Newport Beach launches pilot program for private security cameras in public right-of-way

Newport Beach City Hall.
The Newport Beach City Council approved a pilot program for the usage of private security cameras in the public right-of-way in specific neighborhoods throughout the city.
(File Photo)

A new pilot program that will allow private security cameras to be installed in the public right-of-way of select neighborhoods was approved Tuesday by the Newport Beach City Council.

The one-year program will allow up to 10 qualified homeowner associations with at least 50 single-unit dwellings within a continguous neighborhood to install private security cameras in the public right-of-way. Rent will not be collected from an HOA for use of that right-of-way, but applications, encroachment permits and agreement fees are required.

Initial suggestions called for the pilot program to expire on July 1, 2024, but Councilman Erik Weigand requested to extend the trial as it is expected to take at least a few months before the cameras can get up and running. His council colleagues agreed to extend the program until September 2024.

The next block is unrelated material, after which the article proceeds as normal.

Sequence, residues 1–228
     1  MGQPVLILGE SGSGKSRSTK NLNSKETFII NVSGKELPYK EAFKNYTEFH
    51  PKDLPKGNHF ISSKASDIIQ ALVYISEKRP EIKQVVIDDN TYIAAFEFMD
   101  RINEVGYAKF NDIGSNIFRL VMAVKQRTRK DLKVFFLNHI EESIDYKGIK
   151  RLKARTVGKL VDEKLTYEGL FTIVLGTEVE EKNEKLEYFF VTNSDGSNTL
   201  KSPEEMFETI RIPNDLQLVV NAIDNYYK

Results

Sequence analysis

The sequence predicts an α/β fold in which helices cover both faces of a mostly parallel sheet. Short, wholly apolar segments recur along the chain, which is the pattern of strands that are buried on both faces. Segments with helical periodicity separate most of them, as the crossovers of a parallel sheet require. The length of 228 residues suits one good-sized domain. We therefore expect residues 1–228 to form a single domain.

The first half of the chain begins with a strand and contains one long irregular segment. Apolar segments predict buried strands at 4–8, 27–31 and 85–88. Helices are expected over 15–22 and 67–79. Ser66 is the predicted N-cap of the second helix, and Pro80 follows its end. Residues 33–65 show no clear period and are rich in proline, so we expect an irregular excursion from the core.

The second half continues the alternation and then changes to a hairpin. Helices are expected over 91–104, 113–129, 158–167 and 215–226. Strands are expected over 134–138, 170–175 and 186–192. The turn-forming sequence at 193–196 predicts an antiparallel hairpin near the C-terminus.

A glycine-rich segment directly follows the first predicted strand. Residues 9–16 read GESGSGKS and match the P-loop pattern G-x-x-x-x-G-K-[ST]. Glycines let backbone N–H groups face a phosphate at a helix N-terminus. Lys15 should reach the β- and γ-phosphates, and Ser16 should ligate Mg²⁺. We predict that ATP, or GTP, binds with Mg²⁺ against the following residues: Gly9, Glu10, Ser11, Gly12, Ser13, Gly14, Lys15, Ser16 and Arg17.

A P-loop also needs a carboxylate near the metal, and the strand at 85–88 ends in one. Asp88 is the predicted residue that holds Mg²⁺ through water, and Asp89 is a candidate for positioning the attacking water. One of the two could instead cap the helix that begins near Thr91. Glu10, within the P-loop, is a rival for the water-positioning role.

Homeowner association boards will need to provide the city with supporting information, documentation and contact information; camera details; a camera and sign installation plan; installer and operator information.

The cameras are required to be self-contained with solar or battery power and have wireless communications. They cannot have pan, tilt or zoom abilities or utilize facial recognition or capture audio. Associations will also be required to move cameras at the city’s request and provide statistical information to the Newport Beach Police Department to assess the program.

As of Tuesday, four homeowner associations had expressed interest in the program: the Spyglass Hill Community Assn., the Harbor View Community Assn. Board, the Newport Hills Community Assn. and the Dover Shores Community Assn.

The item was brought up for study in April after the Spyglass Hill Community Assn. reached out to Mayor Pro Tem Will O’Neill.

During the April study session, Spyglass Hill Community Assn. President Bruce Horn said residents wanted to install cameras to deter crime.

Councilman Brad Avery said he was supportive of the program and understood the reasons why residents asked for it, but raised concerns about the right to privacy and increased surveillance.